margins and mushrooms: the all american city
these built landscapes should look familiar. they are the physical, commercial and social structure of our cities. maybe the paint color, glass type or rusting metal will differ but the architecture typology remains constant. via vehicle, the strip mall, gas station, or office building is practically unavoidable on any drive. not that these resources or services should be avoided but questioned. what is this terrain of asphalt, sidewalks and gravel in between home and destination, what is the margin? we’ve constructed it, we live in it, we continue to make it.
i don’t care to judge the marginal conditions as good or bad, there are both in different ways, and if you are interested the film Radiant City or movement New Urbanism can argue reasons these environments are depressing. aside from their effect, most of the public space in american cities are built of it, environments constructed as a result from other needs. margins are parking lots for the building, loading docks for the storage. margins are rarely used and often a modern pastoral.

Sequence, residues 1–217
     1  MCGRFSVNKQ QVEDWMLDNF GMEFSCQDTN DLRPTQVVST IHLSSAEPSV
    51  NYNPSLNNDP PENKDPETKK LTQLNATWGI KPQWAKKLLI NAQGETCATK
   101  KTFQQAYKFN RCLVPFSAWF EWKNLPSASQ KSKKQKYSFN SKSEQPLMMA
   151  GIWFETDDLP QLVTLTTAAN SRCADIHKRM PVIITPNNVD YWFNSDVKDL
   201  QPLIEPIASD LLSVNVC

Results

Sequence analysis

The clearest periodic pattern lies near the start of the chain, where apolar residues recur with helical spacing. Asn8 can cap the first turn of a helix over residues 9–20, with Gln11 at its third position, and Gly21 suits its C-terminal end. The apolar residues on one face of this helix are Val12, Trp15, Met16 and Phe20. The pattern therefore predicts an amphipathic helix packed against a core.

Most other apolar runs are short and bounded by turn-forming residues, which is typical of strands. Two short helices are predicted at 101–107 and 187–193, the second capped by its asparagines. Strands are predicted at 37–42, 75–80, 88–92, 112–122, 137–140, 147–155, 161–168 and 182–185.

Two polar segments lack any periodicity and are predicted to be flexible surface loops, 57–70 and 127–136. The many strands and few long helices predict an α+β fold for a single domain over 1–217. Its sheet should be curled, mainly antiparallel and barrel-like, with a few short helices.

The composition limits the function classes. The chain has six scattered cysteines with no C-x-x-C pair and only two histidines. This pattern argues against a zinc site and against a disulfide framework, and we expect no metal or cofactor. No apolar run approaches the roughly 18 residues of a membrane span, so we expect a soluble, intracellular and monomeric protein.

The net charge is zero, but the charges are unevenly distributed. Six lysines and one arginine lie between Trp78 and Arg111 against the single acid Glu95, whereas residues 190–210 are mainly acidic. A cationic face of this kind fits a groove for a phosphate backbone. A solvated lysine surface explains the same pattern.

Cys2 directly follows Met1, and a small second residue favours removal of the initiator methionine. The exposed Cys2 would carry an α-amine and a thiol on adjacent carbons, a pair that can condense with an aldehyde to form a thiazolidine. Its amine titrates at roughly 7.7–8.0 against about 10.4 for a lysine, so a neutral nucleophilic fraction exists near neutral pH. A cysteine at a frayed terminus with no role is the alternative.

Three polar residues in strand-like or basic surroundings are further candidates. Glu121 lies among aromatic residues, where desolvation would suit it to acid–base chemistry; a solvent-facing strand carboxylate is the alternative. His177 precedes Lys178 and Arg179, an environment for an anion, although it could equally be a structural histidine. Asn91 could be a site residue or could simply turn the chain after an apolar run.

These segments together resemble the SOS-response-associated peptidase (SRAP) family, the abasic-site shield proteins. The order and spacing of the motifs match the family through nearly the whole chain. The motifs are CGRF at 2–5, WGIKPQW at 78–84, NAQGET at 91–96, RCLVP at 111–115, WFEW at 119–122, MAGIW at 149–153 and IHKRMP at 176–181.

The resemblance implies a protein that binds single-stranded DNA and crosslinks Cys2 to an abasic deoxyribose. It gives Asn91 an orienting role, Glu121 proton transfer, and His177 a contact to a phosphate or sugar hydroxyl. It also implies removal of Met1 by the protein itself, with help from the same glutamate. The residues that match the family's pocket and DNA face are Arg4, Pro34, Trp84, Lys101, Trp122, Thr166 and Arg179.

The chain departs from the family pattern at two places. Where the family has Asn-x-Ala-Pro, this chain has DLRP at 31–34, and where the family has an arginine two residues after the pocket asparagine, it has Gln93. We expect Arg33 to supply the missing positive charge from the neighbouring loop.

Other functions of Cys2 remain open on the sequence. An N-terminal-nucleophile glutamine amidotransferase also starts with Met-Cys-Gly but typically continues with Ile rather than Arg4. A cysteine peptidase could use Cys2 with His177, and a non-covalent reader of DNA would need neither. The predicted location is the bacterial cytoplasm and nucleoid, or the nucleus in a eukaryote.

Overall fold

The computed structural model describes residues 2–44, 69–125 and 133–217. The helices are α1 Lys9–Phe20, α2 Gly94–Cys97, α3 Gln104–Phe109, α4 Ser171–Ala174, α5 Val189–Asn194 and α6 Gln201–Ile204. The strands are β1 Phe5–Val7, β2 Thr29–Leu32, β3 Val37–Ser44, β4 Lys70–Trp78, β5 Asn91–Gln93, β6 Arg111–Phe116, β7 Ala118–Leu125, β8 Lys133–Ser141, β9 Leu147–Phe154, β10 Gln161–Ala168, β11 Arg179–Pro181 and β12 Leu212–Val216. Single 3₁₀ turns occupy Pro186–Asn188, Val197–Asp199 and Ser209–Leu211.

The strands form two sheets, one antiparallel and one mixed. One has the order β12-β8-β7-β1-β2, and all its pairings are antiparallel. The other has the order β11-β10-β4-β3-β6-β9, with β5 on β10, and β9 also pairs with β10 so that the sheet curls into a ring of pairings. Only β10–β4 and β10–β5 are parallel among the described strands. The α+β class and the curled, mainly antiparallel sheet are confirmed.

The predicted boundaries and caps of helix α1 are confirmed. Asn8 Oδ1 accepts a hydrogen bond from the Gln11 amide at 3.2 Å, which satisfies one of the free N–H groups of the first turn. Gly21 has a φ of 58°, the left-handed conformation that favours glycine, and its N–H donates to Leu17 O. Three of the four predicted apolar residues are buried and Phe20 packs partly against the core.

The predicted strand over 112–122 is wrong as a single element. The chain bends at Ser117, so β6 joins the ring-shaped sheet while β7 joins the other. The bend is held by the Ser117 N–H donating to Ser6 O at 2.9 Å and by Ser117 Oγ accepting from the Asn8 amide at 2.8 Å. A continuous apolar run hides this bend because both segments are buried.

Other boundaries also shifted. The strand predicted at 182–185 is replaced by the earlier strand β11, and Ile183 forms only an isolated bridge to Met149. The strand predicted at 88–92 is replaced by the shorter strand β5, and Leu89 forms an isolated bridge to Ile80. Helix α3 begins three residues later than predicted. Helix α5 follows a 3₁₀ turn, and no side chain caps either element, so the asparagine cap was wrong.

i’m curious how our urban pastoral landscapes can be re-imagined. to start, all you need is to move sin car and the landscapes presents itself differently. so today i routed the neighborhood on bike and foot strangely confronting these wide desert landscapes with little boundaries. i swerved and backtracked often, looking and snapping photos and looking again. i could have navigated blind without falling or hitting another object. there should be architecture in these margins. there should be material pockets to capture our imagination, light and life.
i am on that hunt.